Trends for 2011; Ethernet to e-medicine
15 January 2011 | Judy Reed Smith
Predictions for the industry over the coming year.
Economically speaking, we’re still not out of the woods, Stateside, but telecoms has been (thankfully) stable. This year, our sizing and share analysis shows the total market for US telecoms voice and data revenue grew by approximately $2 billion – enough to nearly cover 2009’s declines. Here are some snippets from our trend analysis:
Exuberance for Ethernet: Wholesale revenue growth will be driven by Ethernet backhaul demand.
Offering everything “as a service”: As-a-service marketing will colour all business offerings, with cloud versions driving greater data sales.
Domination by data: Demand for colo and data centre space with connectivity will continue to grow, but beware of overinvestment in some markets, as well as being wary of lower-cost alternatives.
4G is coming: A tight 4G definition has yet to emerge, suggesting potential overhype, but it falls squarely within a market hungry for ever faster connections.
Enterprising tablets: New competition in tablet computers, such as iPad and Galaxy, will move deeper into the enterprise space, generating cloud and network opportunities.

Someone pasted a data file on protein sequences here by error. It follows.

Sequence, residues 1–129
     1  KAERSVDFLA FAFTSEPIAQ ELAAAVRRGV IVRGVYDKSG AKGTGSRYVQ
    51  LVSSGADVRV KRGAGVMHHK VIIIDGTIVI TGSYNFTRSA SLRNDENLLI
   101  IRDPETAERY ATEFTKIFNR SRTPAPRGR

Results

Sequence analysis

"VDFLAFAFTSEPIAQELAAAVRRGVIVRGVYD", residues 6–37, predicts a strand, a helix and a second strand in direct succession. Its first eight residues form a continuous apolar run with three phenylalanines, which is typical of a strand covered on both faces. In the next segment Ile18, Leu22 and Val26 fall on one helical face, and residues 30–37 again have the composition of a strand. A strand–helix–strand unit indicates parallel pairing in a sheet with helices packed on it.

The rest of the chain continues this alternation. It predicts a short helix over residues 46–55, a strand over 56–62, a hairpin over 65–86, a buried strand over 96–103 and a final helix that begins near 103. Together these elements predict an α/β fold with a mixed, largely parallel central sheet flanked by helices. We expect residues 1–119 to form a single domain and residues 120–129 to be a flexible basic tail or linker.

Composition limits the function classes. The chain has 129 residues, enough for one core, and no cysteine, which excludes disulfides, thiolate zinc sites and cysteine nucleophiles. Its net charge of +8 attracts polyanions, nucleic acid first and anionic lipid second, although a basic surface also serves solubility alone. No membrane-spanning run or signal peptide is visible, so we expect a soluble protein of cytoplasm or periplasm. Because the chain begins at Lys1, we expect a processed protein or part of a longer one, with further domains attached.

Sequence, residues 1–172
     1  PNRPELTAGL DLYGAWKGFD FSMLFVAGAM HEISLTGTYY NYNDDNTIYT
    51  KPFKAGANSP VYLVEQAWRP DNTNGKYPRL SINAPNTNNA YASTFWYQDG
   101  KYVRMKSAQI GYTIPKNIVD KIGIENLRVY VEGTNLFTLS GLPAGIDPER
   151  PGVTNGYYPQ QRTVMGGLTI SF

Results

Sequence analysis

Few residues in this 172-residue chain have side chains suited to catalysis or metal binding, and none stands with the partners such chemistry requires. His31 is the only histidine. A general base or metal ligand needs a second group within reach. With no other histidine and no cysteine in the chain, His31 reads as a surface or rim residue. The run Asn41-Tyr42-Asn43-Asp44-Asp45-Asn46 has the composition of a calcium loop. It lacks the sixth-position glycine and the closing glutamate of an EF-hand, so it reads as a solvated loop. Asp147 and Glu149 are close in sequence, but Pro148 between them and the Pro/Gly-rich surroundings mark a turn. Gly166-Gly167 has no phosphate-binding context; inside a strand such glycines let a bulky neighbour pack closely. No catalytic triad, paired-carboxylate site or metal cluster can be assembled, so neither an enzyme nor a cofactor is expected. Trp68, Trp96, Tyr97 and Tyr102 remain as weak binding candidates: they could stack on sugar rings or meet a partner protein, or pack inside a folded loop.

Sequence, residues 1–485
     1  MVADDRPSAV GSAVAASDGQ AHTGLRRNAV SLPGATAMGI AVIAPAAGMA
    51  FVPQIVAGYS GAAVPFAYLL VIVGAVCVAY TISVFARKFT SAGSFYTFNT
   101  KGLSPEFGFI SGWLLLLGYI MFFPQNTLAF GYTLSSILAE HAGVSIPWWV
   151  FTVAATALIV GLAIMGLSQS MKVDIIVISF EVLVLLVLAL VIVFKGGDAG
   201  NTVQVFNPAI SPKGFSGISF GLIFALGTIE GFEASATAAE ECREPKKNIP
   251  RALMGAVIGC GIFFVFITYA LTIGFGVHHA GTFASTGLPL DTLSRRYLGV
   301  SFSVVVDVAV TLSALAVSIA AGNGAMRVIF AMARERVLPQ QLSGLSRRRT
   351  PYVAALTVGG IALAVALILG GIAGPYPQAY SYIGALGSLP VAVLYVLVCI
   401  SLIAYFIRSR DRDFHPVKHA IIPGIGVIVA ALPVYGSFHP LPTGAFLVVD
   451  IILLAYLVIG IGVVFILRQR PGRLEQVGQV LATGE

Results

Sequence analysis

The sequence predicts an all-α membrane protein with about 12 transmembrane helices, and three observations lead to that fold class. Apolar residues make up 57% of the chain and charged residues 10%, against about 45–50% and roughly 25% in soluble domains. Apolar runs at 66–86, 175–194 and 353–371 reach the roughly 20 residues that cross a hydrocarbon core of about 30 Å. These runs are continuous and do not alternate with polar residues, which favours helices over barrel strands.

Emerging e-medicine: Looking for growing markets? E-medicine requires information, sometimes as desperately as the financial industry, with some of the same hunger for low latency.
Soaring cable business revenue: Cox and Comcast joined Time Warner Cable in passing $1 billion in business services revenue for 2010. The growing share of cable companies will come at the expense of CLECs and traditional telcos.
Social networking invasion: Seemingly endless social networking extensions are driving data demand and creating business models that could threaten even the likes of Google.
Shifting equilibrium from heavy users: Wireless players will make use of tiered data plans to use available bandwidth.
Peering and policy battles: Pervasive video will keep peering disputes ongoing. The FCC continues to search for middle ground on net neutrality and hopes to revamp regulations this year.
These trends make up the paradigm shift towards more data, more IP, more mobile and the behavioural ecosystem shifting with the technologies. The winning companies in the past decade were those ready to predict, prepare and respond to new realities. We wish the best to you all for success in the new realities of 2011.
Judy Reed Smith is CEO of Atlantic-ACM. She can be contacted at: email@example.com
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